Early respiratory microbiota composition determines bacterial succession patterns and respiratory health in children

Giske Biesbroek, Evgeni Tsivtsivadze, Elisabeth A M Sanders, Roy Montijn, Reinier H Veenhoven, Bart J F Keijser, Debby Bogaert

Research output: Contribution to journalArticlepeer-review


RATIONALE: Many bacterial pathogens causing respiratory infections in children are common residents of the respiratory tract. Insight into bacterial colonization patterns and microbiota stability at a young age might elucidate healthy or susceptible conditions for development of respiratory disease.

OBJECTIVES: To study bacterial succession of the respiratory microbiota in the first 2 years of life and its relation to respiratory health characteristics.

METHODS: Upper respiratory microbiota profiles of 60 healthy children at the ages of 1.5, 6, 12, and 24 months were characterized by 16S-based pyrosequencing. We determined consecutive microbiota profiles by machine-learning algorithms and validated the findings cross-sectionally in an additional cohort of 140 children per age group.

MEASUREMENTS AND MAIN RESULTS: Overall, we identified eight distinct microbiota profiles in the upper respiratory tract of healthy infants. Profiles could already be identified at 1.5 months of age and were associated with microbiota stability and change over the first 2 years of life. More stable patterns were marked by early presence and high abundance of Moraxella and Corynebacterium/Dolosigranulum and were positively associated with breastfeeding in the first period of life and with lower rates of parental-reported respiratory infections in the consecutive periods. Less stable profiles were marked by high abundance of Haemophilus or Streptococcus.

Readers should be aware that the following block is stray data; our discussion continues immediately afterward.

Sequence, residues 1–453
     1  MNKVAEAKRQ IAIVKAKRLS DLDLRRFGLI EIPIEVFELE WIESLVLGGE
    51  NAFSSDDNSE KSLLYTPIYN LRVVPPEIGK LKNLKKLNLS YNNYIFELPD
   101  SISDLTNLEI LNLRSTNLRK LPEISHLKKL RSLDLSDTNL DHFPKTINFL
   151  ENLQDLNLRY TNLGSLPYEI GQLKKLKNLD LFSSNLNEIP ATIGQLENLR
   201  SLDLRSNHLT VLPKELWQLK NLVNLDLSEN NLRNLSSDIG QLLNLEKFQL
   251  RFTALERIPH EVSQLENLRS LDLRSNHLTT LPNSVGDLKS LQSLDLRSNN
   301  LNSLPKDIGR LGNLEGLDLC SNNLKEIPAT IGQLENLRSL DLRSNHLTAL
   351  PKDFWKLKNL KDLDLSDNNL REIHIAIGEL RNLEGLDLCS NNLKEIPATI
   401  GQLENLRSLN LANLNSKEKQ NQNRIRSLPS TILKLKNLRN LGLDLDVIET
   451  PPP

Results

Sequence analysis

CONCLUSIONS: These findings provide novel insights into microbial succession in the respiratory tract in infancy and link early-life profiles to microbiota stability and respiratory health characteristics. New prospective studies should elucidate potential implications of our findings for early diagnosis and prevention of respiratory infections. Clinical trial registered with www.clinicaltrials.gov (NCT00189020).

Original languageEnglish
Pages (from-to)1283-92
Number of pages10
JournalAmerican Journal of Respiratory and Critical Care Medicine
Issue number11
Publication statusPublished - 1 Dec 2014


  • Age Distribution
  • Anti-Bacterial Agents
  • Bacteria
  • Breast Feeding
  • Bronchodilator Agents
  • Child, Preschool
  • Corynebacterium
  • Disease Susceptibility
  • Humans
  • Infant
  • Microbiota
  • Moraxella
  • Nasopharynx
  • Netherlands
  • Respiratory Tract Infections

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